The Abbasids and their Vassals
Abbasid art marks the beginning of a distinctly Islamic style of decoration. The vocabulary adopted from late Antique art gave way to broader influences and a spirit of experimentation. The example of imported Chinese porcelain, for example, spurred the development of Abbasid ceramics. Some wares openly copied contemporary Tang splashware, while others featured austere geometric forms. A development of vital importance for Islamic ceramics was the rise of the lustre technique, which probably began on glass but was most famously used to make potted wares glitter like precious metal. Other Abbasid arts included luxury textiles, known to have been a major industry of the period, but surviving in only a few examples. The Abbasid period also witnessed the first canonisation of styles of the Arabic script and, by extension, the development of beautifully written and ornamented Qur'an manuscripts.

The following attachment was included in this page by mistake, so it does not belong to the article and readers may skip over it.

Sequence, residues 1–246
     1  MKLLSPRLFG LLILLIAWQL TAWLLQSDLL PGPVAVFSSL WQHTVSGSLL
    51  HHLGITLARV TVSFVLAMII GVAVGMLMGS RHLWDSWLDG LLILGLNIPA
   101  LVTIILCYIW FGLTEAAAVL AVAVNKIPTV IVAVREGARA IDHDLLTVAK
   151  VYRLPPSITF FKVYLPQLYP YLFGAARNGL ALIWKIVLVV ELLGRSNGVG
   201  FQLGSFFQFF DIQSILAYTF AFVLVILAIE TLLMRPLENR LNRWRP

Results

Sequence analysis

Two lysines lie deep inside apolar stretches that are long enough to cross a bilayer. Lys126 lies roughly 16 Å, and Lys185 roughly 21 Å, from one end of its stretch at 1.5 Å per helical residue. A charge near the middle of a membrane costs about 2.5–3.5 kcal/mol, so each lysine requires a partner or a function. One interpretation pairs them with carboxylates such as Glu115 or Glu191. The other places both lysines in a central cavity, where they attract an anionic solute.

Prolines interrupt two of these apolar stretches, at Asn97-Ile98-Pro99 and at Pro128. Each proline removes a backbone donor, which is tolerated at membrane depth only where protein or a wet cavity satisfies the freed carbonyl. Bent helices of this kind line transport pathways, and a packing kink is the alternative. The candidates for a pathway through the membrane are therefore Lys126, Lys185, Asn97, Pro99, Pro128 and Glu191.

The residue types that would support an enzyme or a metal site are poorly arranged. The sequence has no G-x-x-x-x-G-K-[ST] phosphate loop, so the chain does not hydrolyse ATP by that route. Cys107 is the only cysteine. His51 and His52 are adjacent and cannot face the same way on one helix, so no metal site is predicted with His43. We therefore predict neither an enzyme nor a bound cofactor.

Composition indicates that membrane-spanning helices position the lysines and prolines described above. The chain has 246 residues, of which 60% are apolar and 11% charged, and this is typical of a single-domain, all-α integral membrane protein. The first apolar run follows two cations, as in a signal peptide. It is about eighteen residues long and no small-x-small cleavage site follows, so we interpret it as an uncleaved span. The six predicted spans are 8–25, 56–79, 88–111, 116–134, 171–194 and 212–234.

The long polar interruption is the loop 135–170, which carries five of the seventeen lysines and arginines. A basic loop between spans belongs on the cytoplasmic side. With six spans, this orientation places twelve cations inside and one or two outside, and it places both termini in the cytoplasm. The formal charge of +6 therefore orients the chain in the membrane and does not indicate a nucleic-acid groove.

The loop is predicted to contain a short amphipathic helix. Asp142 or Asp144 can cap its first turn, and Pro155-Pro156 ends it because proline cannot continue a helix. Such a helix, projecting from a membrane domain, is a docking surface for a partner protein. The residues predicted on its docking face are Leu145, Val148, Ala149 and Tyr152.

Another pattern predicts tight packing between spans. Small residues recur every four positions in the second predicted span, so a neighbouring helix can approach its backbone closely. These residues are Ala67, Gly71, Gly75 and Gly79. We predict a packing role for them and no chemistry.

The term “Abbasid” refers to the far-flung empire of the caliphate, but some regions were governed by vassals under whose patronage important works of art were produced, such as the Qur'ans made in North Africa. The Tulunids of Egypt were fond of exquisitely carved or inlaid wood – a luxury material in a desert climate.
Ceramic bowl
Hegira 3rd– 4th/ AD 9th–10th century
Abbasid, possibly during the Buyid Dynasty, also known as the Buwayhids
National Museum of Damascus
Damascus, Syria
Abbasid potters strove to imitate the whiteness of Chinese porcelain.